Sunday, December 21, 2014

Our trips to Pine Island and Estero Island

On our drive over to Galt Preserve on Pine Island I happened to see a large bird land on a tree by the roadside.  We pulled off the road to get a closer look at him with our binoculars.
As much as I could figure our, checking my bird book later, it was a roadside hawk.  It is a tropical species of hawk, which has a slimmer body than other hawks.  On Estero Island is the Mound House, a building which is the oldest standing structure on the island.  It sits atop an ancient Calusa Indian mound.
Off to a side of the home is the location of a swimming pool built in the 1950s.  A guide took us to an underground room, which is part of the pool cavity.  Here we could view a remnant of the shell mound built by the Calusa Indians about 2,000 years ago.  The mound was built by layering deposits of earth, shell and old garbage.  It was a society that mainly relied on shells as tools and weapons.  Finding a conch shell on this site, with a perfect round hole in it,  led anthropologists to deduce that the Calusa used the shell both as a hoe and a club.  A stick fits firmly into the hole in the replica pictured below.
Our guide also took us on a tour of the grounds to show us some of the plants and trees.  Most fascinating to me was the Moringa tree, also known as the Miracle tree.  It is a fast-growing, drought-resistant tree of which its seeds, pods, leaves, and roots can be used.  The leaves are very high in vitamins and protein.  The seeds are full of oil which can be used for cooking and cosmetics.  In third world countries the seed is also used for water purification.  It has been described as a "most generous giver of life".   Its flowers bloom year around.  We saw one flower on the tree, as well as the presence of many long seed pods.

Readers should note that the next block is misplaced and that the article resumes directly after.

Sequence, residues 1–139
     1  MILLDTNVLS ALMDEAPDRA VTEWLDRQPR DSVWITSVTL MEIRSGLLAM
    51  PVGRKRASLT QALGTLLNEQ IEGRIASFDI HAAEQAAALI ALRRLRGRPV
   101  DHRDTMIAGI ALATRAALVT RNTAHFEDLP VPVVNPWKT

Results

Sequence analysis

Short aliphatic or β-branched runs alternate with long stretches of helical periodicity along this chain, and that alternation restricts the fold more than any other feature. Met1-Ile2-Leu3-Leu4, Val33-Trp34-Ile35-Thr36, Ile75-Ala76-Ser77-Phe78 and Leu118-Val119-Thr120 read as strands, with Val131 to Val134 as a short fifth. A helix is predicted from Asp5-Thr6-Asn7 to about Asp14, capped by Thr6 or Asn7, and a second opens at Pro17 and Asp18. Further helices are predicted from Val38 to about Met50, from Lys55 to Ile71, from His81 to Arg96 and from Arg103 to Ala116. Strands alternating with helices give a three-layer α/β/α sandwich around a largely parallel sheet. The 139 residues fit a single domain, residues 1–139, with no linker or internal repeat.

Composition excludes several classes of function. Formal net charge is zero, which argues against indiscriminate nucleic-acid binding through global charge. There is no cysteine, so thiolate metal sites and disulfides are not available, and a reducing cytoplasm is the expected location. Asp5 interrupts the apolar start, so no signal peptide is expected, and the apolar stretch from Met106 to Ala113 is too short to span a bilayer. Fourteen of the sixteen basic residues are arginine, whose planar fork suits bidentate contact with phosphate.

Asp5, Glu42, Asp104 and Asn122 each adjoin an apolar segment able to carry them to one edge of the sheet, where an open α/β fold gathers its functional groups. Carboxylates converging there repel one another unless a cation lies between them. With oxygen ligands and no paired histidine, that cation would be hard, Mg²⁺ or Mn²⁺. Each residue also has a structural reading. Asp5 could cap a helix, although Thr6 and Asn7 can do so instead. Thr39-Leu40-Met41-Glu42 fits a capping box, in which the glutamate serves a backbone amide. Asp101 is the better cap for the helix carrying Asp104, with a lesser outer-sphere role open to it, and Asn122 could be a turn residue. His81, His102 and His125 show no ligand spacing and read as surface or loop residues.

Equally interesting is the anchiote or, better known to us, the annato tree or shrub.  The pulp surrounding the seed is made into cakes for further processing into dyes, its yellow color is added to butter and cheese.  The dried seeds are also used as a culinary spice.  Our guide handed me a seed pod, pictured below.
John and I have seen the coontie plant before here in southwestern Florida.  Its evergreen leaves are fine in texture and resemble those of a fern.  There were many in this park, they can't be missed at this time of the year because of the presence of their bright orange cones which emerge from the ground under the plant.

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